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When Blanche Met Brando: The Scandalous Story of "A Streetcar Named Desire" (Paperback)
Exhaustively researched and almost flirtatiously opinionated, When Blanche Met Brando is everything a fan needs to know about the ground-breaking New York and London stage productions of Williams' "Streetcar" as well as the classic Brando/Leigh film. Sam Staggs' interviews with all the living cast members of each production will enhance what's known about the play and movie, and help make this book satisfying as both a pop culture read and as a deeper piece of thinking about a well-known story.
Readers will come away from this book delighted with the juicy behind-the-scenes stories about cast, director, playwright and the various productions and will also renew their curiosity about the connection between the role of Blanche and Viven Leigh's insatiable sexual appetite and later descent into breakdown. They may also--for the first time--question whether the character of Blanche was actually "mad" or whether her anxiousness was symptomatic of another disorder.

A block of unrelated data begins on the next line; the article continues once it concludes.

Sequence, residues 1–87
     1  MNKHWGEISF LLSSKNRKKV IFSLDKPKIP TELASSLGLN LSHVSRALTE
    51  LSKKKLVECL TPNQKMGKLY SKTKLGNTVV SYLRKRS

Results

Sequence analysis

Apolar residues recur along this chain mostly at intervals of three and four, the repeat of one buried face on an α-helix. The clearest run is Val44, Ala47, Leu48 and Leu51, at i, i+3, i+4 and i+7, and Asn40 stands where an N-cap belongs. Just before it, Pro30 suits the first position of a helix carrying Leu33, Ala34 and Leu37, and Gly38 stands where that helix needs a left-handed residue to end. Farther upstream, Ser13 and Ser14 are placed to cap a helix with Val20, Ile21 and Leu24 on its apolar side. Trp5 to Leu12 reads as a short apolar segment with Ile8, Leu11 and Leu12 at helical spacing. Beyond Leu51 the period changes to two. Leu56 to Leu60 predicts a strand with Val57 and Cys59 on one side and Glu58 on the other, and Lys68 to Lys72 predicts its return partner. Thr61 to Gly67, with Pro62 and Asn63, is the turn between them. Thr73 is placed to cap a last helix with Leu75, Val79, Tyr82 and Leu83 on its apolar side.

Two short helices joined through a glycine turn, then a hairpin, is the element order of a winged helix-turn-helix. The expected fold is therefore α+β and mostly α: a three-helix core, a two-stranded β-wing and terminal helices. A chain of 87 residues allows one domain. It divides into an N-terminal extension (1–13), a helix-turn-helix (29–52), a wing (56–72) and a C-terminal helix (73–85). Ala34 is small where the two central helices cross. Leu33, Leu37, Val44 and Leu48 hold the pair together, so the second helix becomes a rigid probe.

"A Streetcar Named Desire" is one of the most haunting and most-studied modern plays. Staggs' new book will fascinate fans and richen newcomers' understanding of its importance in American theater and movie history.
About the Author
SAM STAGGS is the author of several books, including biographies of movies: All About All About Eve, Close-Up on Sunset Boulevard, When Blanche Met Brando, and Born to be Hurt. He has written for publications including Vanity Fair and Architectural Digest. He lives in Dallas, Texas.
“Opinionated, revealing, constantly entertaining account of the birth and growth of Tennessee Williams's most famous play.” —Kirkus Reviews
“A comprehensive minihistory of 20th-century American stage and screen and [Staggs] doesn't skimp on tabloid juice.” —Publishers Weekly
“With his infectious devotion to "Streetcar," Staggs surely will motivate many to revist the play and watch the film.” —Los Angeles Times
“as loquacious and overripe as Blanche herself and as hard to resist.” —Washington Post
“…a spellbinder…” —The Hollywood Reporter